U.s. planting weather and brazil’s corn crop season move markets.

On Friday, the CME Group’s farm markets closed mixed.

At the close, the May corn futures finished 4¾¢ lower at $5.85¾.

July corn futures settled 3¢ lower at $5.73. New-crop December corn futures ended unchanged at $5.12¼.

May soybean futures finished 15¢ higher at $14.33. July soybean futures closed 11½¢ higher at $14.22¾. New crop November soybean futures closed 5¢ higher at $12.74.

July wheat futures settled ½¢ lower at $6.55.

July soymeal futures closed $0.10 short term higher at $406.40.

July soy oil futures finished +1.37 higher at 54.24¢ per pound.

In the outside markets, the NYMEX crude oil market is -0.27 lower (-0.43%) at $63.19. The U.S. dollar is lower, and the Dow Jones Industrials are 152 points higher (+0.44%) at 34,187 points.

Jason Ward, Northstar Commodity, says that the corn market is seeing a little bit of profit taking/pressure, as planters gear up to start next week.

“Some planters are rolling today, in Iowa, even though they are nervous about the cold temps early next week. But larger guys are putting 200 to 300 acres per day in, not going crazy with 700- to 1,000-acre days… just getting some in. In Minnesota, farmers are at a standstill due to the cold temps. All of the agronomists that I have spoken to are advising against planting before those cold temps next week. So, Minnesota farmers are gearing up to go Thursday of next week,” Ward says.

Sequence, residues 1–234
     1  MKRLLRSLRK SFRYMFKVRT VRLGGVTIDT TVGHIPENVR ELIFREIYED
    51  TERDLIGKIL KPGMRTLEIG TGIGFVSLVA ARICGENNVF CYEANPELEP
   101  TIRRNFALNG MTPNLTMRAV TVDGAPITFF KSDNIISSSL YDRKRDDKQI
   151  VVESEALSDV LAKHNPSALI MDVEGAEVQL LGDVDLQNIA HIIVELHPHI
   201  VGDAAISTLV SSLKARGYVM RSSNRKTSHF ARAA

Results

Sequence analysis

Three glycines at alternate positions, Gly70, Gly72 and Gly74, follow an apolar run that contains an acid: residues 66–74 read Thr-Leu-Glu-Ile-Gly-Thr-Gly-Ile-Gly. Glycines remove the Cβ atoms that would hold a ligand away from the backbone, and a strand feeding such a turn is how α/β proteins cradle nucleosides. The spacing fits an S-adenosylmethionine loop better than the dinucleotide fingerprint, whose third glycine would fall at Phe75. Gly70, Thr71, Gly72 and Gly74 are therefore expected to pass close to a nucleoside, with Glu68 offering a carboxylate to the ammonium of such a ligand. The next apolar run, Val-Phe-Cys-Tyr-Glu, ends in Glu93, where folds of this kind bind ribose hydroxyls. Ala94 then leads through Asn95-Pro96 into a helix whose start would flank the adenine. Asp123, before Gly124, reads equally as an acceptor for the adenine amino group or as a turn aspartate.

For soybeans, that market is playing some catch-up on the spread as corn has gained quite a bit in the last two weeks, Ward says.

“So, Nov ’21 contract is trying to make sure it doesn’t lose acres to corn. From our contacts, there have been inquiries for more corn acres, but not a lot of orders for more seed for corn due to various reasons – mainly expensive fertilizer and certain corn-on-corn seed availability that is in very short supply.”

Ward added, “We are seeing ethanol plants push basis very hard to buy corn for June/July. So, they must be profitable enough to push these basis levels. In north-central Iowa and southern Minnesota, we have seen 15¢ to 25¢ over the July contract trade this week for corn, and vs. the May 5¢ to 15¢ over. In our view, producers have a comfortable amount of old-crop corn left, so they’re not in a hurry to sell what they have left, especially with the dry forecast persisting in Brazil.

“The Brazil story for corn could get very important, if rainfall doesn’t improve,” Ward says. This 109 million metric tons (mmt.) target could prove to be 10 mmt or more too high. Their price of corn reached $8.50 per bushel this week, and they are actively importing corn from Argentina. Livestock producers in Brazil are not doing well with these high prices. And you’re seeing more measures to help them coming from their government, like last week’s temporary lowering of their biodiesel blend by 3%,” Ward says.

Bob Linneman, Kluis Advisors, says that the soybean market is still not swaying farmers to plant beans over corn.

“The soybean bulls must be wondering when the market will realize that new-crop prices near $12.70 are not going to buy acres away from corn. The corn-to-soybean ratio near 2.48 is a neutral level. On April 6, the ratio was 2.63, which favored soybeans. Keep an eye on the charts for a pattern of when the highs and lows are hit throughout the week. The past two weeks we have seen lows on Monday or Tuesday, while the highs were Thursday or Friday,” Linneman stated in a note to customers.

Linneman added, “Analysts continue to estimate the impact that dry weather has had on Brazil’s second-planting (safrinha) corn crop. The reports have helped the bulls build a case for higher prices based on strong demand and reduced world supply. The situation escalates quickly if we see a weather concern in the U.S.”


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